Testing Server Side Processing Before you Upload

The best place to create your web pages is on your own PC. This enables you to create and test your pages when you are not connected to the internet and you only need to be connected in order to upload the finished pages. It also means that the pages that you upload are finished pages and not pages under construction.

This works very well for all of the client side code that you place in your page as this is processed by the browser once the page has been downloaded to your computer and as your pages are already downloaded you can test all of the client side coding such as HTML and Javascript on your computer just by using a web browser. I do recommend that you test your pages in different browsers since the page source may be interpreted differently by different browsers.

The problem comes with server side processing that you include in your pages as these statements need to be interpreted by the web server and therefore wont work properly when you access the pages directly on your own computer.

One solution to this is to install a web server on your own computer. The Apache web server is available as a free download for most operating systems and by running this server on your own computer you will be able to test some of the server side processing that you include in your pages without having to first upload your pages to the web.

The first thing that you need to do is to download the version of Apache for your operating system.

Next you need to configure Apache to run as a stand alone system on your computer. This involves editing the httpd.conf file that you will find in the conf folder/directory under where you installed Apache. The lines that you need to edit initially in order to get Apache to run are:

 ServerName localhost
DocumentRoot "g:\myweb"
<Directory "g:\myweb">

These lines identify this server as being a local server and identify the directory on your drive where the http://localhosts/ address will point. If the web server that hosts your pages on the web uses a home page other than index.html then you will also need to edit the line that reads: DirectoryIndex index.html to reflect the default file name that you want.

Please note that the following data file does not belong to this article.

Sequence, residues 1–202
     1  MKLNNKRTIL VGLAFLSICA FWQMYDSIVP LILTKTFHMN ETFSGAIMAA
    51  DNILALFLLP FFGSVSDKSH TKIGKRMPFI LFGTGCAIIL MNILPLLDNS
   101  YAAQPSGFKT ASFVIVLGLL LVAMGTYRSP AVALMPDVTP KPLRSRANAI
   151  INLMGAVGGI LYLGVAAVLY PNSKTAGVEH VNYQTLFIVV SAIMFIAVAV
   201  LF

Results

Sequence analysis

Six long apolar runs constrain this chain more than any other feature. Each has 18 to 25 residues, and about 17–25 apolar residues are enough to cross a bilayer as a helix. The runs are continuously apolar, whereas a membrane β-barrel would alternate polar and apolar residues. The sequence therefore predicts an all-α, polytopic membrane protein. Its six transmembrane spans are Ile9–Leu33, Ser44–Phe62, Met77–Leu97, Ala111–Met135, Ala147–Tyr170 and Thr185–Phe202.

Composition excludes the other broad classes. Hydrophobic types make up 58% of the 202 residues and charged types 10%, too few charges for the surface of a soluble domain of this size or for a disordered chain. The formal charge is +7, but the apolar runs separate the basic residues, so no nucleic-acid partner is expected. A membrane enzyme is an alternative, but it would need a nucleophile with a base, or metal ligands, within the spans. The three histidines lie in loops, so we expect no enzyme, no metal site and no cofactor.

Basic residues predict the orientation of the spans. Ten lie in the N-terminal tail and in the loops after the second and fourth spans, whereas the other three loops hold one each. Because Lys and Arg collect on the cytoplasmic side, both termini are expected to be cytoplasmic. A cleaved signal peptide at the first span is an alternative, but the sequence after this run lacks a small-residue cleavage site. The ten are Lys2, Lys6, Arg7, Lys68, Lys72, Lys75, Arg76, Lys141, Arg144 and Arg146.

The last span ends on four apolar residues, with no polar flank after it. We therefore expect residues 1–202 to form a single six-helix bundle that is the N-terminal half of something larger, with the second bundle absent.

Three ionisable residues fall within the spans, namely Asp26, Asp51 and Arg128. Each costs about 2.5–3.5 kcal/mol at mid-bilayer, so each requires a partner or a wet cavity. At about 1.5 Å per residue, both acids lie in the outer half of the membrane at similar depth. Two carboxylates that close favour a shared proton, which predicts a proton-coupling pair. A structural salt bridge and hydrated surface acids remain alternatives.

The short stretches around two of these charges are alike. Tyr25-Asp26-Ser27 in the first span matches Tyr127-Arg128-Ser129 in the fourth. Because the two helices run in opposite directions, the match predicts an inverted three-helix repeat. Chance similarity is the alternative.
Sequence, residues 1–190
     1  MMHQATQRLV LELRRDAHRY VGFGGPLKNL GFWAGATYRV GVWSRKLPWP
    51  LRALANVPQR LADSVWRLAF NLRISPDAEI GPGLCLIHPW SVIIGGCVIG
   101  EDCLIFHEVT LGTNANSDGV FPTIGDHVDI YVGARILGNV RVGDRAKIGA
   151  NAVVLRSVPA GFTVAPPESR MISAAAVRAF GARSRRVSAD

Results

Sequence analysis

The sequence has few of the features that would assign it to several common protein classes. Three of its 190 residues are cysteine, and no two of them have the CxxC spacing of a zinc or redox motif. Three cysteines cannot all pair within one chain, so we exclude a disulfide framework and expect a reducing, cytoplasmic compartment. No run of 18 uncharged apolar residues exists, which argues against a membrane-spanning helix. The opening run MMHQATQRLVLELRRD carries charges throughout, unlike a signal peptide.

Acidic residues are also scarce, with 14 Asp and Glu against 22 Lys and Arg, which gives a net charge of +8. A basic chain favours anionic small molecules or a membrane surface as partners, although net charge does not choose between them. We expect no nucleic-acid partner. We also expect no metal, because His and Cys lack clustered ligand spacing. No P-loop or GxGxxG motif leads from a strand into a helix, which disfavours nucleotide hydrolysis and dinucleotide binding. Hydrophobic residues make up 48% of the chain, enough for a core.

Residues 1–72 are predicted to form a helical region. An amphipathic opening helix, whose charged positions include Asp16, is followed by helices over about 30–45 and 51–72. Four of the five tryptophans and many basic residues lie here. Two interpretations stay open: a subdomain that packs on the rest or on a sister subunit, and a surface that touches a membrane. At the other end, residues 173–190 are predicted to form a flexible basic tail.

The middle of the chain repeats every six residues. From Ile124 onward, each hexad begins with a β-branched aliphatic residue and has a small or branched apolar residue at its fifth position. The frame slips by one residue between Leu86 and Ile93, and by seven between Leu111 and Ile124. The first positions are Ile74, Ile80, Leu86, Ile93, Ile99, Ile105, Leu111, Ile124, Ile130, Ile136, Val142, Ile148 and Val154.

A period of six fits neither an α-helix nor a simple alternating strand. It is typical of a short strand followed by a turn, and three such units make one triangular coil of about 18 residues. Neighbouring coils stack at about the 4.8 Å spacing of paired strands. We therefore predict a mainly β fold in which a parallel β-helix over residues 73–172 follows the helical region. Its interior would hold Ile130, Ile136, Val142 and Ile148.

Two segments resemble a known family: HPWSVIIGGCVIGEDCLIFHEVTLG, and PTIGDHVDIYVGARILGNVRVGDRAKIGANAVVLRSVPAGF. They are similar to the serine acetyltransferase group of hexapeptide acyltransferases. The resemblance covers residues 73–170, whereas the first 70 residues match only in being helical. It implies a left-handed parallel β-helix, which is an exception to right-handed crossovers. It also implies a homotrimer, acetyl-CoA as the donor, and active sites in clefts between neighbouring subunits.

You will also want to check the hosts file on your computer to check for an entry that reads localhost

You then need to install Apache so that it runs as a service in the background whenever your operating system starts up. How you do this depends on your operating system for example on Windows NT you sign on as Administrator, run apache -i from a command prompt to install the Apache service then go into services, select Apache and click Start. Once you have done this the Apache web server will run every time you run your system and you can access web files within the specified directory from the http://localhost/ web address.

This gets the web server running. Next we need to make whatever changes are necessary to get the appropriate server side activities to work.

To turn on server side include support on your newly installed web server you need to make the following changes to the ttpd.conf file: add Includes to the option statement within the directory section eg.

 Options Indexes FollowSymLinks MultiViews Includes

and also uncomment:

 AddType text/html .shtml
AddHandler server-parsed .shtml

This will allow you to test your SSI codes on your own computer without having to upload it to your web host's server first remembering of course to name all of your web pages containing such includes with a .shtml suffix instead of .html or .htm (because the server will be configured to only parse .shtml pages for server side includes because parsing all pages is too slow).

You can make similar changes to the file to install cgi support and support for server side image maps allowing you to test all of these features on your own computer before uploading your pages to the web.

Note that there is no point installing these features on your own web server if the server that hosts your site doesn't support the same features as this will result in the pages working on your own computer but not on the host.


This article written by Stephen Chapman, Felgall Pty Ltd.

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